Think Bigger. Aim Higher. Go Further.

Tag: Dr. Amy Vanderbilt

The New Value Movement

It’s time once again for The Future of Money and Technology Summit in San Francisco on April 23, 2012.  Each year this community of visionaries dive deeper into the subject of alternate economics as the public narrative around the subject also increases.  This is truly an important event.  Please register here.

In full disclosure, the producers of FOM&T trusted me to assemble this panel to advance a theme that was initiated at Sibos Innotribe Sessions (Toronto 2011).  I elected to NOT appoint myself moderator – Dr. V is much more experienced in that role.   Instead, I will attempt to speak for the Ingenesist.  The word ingenesist is derived from the Latin word for engineer – an ingenesist is any person who creates real value through their social, creative, and intellectual abilities. For this reason, the panel is titled:

The New Value Movement

Past panels in this segment at FOM&T included discussions about non-quantifyable exchanges and intangible capital.  This panel introduces the New Value Movement where emergent ideas and associated web applications seek to allow non-quantifiable exchanges to become “quantifiable” and Intangible Capital to become “tangible”.

Like the Beatles once sang “Money Can’t Buy Me Love”, New Value refers to those things that cannot necessarily be produced through the allocation of classical factors such as land, labor, and capital. Rather, the next generation of entrepreneurs will allocate resources of social capital, creative capital, and intellectual capital in order to produce the things that society needs.

Innovations such as trust networks, knowledge inventories, social games, and abundance capitalism will become increasingly important and hold great promise for hedging the inevitable constraints on fiat currency.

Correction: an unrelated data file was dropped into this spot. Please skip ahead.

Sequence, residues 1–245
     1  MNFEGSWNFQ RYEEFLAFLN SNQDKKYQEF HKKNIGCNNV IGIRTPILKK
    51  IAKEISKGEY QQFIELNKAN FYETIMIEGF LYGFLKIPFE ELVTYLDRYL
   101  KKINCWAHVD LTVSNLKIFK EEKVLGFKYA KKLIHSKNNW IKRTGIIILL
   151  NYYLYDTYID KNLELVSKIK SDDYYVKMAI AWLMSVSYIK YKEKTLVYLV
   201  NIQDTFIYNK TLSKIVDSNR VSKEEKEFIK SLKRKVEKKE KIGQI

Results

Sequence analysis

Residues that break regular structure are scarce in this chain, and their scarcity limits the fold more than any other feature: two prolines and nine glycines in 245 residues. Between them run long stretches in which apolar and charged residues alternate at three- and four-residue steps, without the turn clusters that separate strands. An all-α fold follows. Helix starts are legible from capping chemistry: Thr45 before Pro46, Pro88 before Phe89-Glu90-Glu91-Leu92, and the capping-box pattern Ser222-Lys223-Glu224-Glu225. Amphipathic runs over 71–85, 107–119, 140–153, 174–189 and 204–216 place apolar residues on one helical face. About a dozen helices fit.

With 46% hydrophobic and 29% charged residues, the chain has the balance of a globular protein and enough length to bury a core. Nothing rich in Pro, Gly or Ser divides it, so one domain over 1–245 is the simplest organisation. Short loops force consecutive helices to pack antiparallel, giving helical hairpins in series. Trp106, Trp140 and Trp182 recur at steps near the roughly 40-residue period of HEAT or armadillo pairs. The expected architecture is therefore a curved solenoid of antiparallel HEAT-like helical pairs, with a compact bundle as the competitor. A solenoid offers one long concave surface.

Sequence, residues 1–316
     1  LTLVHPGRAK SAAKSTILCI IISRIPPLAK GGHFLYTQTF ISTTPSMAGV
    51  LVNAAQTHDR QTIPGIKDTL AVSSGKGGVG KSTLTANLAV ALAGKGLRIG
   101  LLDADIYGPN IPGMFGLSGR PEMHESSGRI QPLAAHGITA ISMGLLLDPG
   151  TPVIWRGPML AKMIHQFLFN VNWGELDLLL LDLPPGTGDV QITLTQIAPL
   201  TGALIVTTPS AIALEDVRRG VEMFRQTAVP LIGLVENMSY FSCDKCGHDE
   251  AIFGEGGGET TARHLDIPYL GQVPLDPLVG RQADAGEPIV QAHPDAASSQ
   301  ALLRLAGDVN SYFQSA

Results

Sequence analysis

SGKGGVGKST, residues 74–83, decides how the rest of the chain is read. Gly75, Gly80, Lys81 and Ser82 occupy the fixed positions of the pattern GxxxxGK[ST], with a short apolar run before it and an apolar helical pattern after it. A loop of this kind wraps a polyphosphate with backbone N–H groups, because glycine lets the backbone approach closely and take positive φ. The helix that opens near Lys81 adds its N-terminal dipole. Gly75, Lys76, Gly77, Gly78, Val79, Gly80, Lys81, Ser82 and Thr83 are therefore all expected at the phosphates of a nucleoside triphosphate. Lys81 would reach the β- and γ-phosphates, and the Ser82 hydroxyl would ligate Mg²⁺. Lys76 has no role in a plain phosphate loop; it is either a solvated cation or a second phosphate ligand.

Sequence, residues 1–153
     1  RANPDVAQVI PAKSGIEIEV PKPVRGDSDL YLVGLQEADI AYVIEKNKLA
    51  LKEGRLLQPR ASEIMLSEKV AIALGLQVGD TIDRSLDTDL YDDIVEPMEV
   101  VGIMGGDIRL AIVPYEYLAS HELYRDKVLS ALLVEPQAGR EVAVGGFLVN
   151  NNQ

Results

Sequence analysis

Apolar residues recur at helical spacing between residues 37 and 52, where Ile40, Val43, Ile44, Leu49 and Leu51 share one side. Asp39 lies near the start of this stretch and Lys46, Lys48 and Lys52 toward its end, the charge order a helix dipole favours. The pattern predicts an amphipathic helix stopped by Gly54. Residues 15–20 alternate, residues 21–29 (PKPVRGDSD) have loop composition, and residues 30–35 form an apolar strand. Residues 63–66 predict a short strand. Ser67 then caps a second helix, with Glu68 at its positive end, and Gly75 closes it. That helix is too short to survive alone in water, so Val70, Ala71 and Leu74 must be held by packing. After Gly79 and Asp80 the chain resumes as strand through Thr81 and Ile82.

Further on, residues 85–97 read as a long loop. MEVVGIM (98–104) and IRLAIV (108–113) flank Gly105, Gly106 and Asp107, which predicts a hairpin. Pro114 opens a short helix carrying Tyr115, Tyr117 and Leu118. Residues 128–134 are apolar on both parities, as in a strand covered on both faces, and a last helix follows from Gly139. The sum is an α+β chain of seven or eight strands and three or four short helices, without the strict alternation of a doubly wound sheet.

Dr. Amy Vanderbilt – moderator

Dr. V is the Founder and Chief Strategist at TrendPOV.com, next generation social omni-media that over 600 thousand executives call GPS for your business strategy.  Amy is an award-winning author, show host, executive coach, speaker, board member, and  commentator. She has distinguished herself in academia, private and public industry as well as government. (full bio here)

Patrick Murck

Speaking to the existing legal structures and foundations that would support the storage and exchange of New Value Enterprise is Patrick Murck.  Patrick is a Principal and Founder of Engage Strategy and Engage Legal.  Patrick helps clients innovate, operate and grow their business with a heightened focus on the legal and regulatory issues governing the use of virtual economies, gamification, alternative payment systems, and social loyalty and reward programs. (full bio here)

Joe Johnson

Speaking to the emergence of a new class of business methods is Joe Johnson, CEO and head coder of runaway startup called Connect.me.  Connect.Me is a new reputation and people discovery network creating a consolidated platform for social verification and trust in P2P and freelance economies. In 2011, Connect.Me won the prestigious Privacy Award from the European Identity Conference for its groundbreaking trust framework and business model. (full bio here)

My Role:

In Amy’s world of executives consulting, the ingenesist includes the designer new products.  In Patricks world, the ingenesist may be an innovator from Anytown USA trying to navigate the intricacies of law, money, and finance.  In Joe’s world, the ingenesist is the cloud of specialized skill holders looking for each other to create value together.  I often argue that all value not created directly by Mother Nature, was created by the ingenesist within all of us.